HNW - Linen weaves was Craftmans embroidery
jacquie-samples at uiowa.edu
Mon Sep 13 08:32:36 PDT 1999
To view linen evenweaves that many embroiderers use modernly to recreate
early pieces, try going to a store that sells Zwiegert, or Wilchet Imports
fabrics. I was going to suggest that you thier websites
(http://www.WyndhamNeedleworks.com/index.htm, and http://zweigert.com/),
but on checking, I didn't really see any examples of fabrics. I have used
both of these companies fabrics (not advertising, just satisfied customer)
and cannot say that I have seen anything burlap like. I think that maybe
you haven't been looking at high enough counts of threads per inch.
Just last week I got some 45 ct. Linen from a zweigert supplier (through a
class) and am very pleased with it's fineness. I don't know the cost per
yard as it came with the class kit, but the stores that I frequent are more
than happy to sell parts of yards. I also know that Nordic Needle
(http://www.nordicneedle.com/) does the same thing, if you don't have a
source near you.
By the way, I have a color card of Zweigert fabrics with swatches on it, if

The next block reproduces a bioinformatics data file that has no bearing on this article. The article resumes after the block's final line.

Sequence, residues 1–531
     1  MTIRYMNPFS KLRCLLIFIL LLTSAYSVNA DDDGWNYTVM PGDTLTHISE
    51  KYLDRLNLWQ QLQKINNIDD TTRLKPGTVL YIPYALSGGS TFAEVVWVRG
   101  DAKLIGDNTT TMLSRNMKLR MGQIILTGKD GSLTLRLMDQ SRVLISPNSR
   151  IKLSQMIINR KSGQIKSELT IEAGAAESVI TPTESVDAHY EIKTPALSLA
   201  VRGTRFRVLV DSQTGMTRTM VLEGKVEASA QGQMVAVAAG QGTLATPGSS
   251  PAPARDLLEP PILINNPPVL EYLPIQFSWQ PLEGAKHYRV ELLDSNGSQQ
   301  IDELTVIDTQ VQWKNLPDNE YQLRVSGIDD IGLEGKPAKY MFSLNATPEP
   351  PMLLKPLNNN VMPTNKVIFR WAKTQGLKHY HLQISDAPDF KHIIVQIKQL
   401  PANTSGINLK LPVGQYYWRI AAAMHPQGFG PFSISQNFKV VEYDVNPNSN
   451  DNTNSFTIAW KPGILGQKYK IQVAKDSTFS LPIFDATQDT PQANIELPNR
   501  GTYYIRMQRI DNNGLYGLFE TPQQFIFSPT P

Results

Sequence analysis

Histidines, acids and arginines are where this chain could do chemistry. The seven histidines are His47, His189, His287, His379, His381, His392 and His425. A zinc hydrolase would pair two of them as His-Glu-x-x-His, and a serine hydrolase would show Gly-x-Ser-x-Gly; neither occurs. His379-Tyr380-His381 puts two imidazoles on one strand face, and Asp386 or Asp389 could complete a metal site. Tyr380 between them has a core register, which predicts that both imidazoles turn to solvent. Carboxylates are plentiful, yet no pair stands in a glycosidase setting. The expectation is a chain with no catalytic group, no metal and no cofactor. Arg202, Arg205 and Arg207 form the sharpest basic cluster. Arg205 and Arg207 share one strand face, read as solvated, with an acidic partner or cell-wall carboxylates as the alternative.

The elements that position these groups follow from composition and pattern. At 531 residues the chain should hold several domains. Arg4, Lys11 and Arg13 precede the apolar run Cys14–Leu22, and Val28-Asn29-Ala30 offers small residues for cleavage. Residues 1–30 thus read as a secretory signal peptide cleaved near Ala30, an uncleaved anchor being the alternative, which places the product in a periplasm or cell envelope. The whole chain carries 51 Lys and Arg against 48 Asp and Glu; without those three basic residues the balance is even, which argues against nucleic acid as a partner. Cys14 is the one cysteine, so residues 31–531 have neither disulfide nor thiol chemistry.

you'd like, I'll check there for the type you're looking for. If it's just
that you're looking for a finely woven evenweave linen, then I believe
you'll be able to get what you want. Just decide what count fabric you
want, and away you go.
If any of this is unclear, sorry. Just let me know and I'll attempt to
At 05:31 PM 09/03/1999 -0700, you wrote:
>>Question 1) What kind of linen did they use? It looks like aida cloth
>>which has been washed a few times, and isn't always white.
>>It's modern name is evenweave linen:
>I've seen many kinds of linen sold for embroidery, but never any like the
>Craftsman-period stuff. Most of what I see is burlap-like in texture, at
>about half the gauge of actual burlap, and not very densely woven. I've
>never seen anything like the old cloth. Neither has anyone at any shop I
>have shown old pieces to. So if you're sure the stuff I need is called
>'evenweave linen', I will go back and look again. BTW, I already figured I
>was looking at many dollars per yard for whatever it was.
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